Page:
The elusive vaquita porpoise is now facing imminent extinction according to reports. Native to the Gulf of California, there were an estimated 30 vaquitas left in 2016 and an alarming new study
has found that there were fewer than 19 animals remaining in autumn 2019. Nets hung vertically called gillnets are the primary reason for the drastic decline in vaquita numbers, though they were banned in the gulf in 2015 for a period of two years. Since 2011, the population has plummeted 98.6 percent and immediate action is required to save the species from extinction.
Fishermen still continued to work the waters the vaquita calls home in spite of the ban, seeking a large fish called the totoaba for its bladder. Such bladders can fetch thousands of dollars on the black market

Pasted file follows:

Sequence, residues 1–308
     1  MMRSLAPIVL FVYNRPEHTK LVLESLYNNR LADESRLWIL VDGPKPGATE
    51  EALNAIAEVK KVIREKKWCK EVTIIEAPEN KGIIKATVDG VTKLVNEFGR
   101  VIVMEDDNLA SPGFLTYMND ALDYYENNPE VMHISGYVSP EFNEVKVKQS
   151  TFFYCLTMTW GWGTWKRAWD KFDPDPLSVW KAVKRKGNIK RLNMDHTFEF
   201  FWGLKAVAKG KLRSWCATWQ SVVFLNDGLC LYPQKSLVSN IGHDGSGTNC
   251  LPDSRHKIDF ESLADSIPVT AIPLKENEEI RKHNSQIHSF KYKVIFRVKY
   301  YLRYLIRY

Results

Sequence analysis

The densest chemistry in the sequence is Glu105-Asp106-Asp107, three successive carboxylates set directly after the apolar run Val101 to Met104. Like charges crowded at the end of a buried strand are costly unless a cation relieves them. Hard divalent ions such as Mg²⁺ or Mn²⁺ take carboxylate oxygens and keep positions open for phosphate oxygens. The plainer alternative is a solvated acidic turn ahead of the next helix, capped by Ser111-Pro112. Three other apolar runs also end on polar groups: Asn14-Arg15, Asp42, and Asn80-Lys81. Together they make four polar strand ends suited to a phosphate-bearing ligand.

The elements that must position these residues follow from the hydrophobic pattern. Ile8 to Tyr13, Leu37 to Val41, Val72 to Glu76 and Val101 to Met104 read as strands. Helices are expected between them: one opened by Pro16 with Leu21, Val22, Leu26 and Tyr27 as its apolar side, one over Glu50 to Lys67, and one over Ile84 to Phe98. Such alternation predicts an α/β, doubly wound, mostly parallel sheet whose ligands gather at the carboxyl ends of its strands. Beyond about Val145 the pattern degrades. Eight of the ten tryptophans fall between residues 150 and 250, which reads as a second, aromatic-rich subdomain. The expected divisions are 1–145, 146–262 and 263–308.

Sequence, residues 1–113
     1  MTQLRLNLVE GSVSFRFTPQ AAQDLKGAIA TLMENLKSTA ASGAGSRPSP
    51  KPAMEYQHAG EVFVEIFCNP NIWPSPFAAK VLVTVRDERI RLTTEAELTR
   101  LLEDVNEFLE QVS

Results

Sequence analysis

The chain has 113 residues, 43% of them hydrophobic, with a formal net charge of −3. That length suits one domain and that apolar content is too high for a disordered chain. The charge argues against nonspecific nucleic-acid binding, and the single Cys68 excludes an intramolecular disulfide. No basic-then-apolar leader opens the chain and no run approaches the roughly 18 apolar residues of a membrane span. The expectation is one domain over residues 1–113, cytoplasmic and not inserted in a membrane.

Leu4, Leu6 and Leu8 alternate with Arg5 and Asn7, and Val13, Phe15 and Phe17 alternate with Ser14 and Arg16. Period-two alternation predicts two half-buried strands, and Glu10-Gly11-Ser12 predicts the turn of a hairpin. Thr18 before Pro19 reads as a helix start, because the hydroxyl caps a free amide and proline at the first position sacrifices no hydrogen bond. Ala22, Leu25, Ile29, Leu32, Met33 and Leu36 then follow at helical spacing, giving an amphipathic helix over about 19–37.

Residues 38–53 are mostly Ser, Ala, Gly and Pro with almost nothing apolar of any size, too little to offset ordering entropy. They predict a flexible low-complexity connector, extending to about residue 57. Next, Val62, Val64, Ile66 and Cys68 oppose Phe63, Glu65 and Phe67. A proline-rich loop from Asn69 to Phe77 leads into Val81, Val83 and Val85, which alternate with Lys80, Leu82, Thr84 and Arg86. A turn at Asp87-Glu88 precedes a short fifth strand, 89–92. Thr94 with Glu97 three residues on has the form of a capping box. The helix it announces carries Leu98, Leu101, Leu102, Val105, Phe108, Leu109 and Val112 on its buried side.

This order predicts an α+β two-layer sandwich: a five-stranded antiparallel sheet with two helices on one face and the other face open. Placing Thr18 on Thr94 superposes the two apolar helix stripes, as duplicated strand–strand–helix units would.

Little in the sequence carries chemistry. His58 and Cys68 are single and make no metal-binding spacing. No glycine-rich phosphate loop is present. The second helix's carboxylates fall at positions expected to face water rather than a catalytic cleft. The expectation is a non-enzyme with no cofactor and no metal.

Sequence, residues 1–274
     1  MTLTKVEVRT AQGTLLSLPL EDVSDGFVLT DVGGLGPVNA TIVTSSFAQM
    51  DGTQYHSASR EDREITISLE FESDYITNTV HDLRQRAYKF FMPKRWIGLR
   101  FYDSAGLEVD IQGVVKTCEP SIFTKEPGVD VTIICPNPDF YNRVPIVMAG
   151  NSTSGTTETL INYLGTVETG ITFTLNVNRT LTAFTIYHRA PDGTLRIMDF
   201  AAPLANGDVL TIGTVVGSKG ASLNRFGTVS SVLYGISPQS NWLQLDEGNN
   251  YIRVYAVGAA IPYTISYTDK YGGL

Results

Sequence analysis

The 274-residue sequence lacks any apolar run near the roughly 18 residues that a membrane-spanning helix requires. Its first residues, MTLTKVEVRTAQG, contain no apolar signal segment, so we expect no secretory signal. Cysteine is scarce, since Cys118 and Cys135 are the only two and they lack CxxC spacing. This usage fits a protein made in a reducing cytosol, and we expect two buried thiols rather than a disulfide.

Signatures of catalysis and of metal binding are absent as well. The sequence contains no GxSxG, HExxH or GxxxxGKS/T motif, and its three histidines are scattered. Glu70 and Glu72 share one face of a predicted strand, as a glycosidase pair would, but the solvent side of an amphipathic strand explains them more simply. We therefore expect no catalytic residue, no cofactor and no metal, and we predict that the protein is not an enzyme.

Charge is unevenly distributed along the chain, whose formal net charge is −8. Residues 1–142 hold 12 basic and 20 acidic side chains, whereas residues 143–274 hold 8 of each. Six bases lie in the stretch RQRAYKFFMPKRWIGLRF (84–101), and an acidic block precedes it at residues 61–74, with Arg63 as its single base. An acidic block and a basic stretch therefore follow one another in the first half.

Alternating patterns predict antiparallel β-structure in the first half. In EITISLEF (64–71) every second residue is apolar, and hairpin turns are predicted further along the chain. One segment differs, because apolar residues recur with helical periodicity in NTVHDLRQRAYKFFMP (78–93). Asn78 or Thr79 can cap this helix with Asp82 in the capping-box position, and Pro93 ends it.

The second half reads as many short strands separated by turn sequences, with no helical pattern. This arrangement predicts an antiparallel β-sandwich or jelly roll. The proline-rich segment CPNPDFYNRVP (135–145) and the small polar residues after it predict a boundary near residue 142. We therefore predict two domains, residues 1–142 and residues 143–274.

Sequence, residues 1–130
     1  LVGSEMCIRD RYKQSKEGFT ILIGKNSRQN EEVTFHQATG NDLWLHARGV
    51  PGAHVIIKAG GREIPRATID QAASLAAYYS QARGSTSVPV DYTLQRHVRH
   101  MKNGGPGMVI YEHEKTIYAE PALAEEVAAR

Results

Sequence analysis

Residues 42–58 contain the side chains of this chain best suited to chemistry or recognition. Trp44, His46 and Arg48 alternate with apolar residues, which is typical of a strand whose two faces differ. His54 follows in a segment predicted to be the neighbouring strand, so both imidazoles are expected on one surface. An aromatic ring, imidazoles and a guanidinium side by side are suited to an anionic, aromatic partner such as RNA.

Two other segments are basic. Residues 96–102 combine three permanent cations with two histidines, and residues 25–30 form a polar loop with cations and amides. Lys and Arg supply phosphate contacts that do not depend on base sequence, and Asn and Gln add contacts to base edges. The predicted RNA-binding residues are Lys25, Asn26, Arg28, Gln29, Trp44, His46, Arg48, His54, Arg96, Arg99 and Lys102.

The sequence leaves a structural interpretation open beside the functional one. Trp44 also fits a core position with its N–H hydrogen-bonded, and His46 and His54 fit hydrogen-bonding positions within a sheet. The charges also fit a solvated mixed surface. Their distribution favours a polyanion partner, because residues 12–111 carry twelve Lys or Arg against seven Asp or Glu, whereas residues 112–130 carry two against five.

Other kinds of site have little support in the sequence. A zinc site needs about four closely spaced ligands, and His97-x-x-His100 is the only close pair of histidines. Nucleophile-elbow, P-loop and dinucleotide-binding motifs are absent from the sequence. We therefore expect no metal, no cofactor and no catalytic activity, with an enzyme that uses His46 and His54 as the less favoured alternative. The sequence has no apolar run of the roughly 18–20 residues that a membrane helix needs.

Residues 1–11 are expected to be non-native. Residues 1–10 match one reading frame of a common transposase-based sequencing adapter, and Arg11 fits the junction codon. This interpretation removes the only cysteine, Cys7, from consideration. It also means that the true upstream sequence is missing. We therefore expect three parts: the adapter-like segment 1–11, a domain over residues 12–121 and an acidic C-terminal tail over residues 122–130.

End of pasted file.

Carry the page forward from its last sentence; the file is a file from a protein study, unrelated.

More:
and they are in high demand in traditional Chinese medicine. Between 2016 and 2019, ten dead vaquitas were found and eight of them died due to entanglement in gillnets.
The only real good news in the report is that the surviving vaquitas are perfectly healthy with the presence of two calves also documented. Scientists believe that the species may be able to rebound if the gillnet threat is removed. If a solution is not found soon, it is highly likely that the vaquita will be declared extinct, reminiscent of when China's baiji river dolphin was declared functionally extinct in 2006.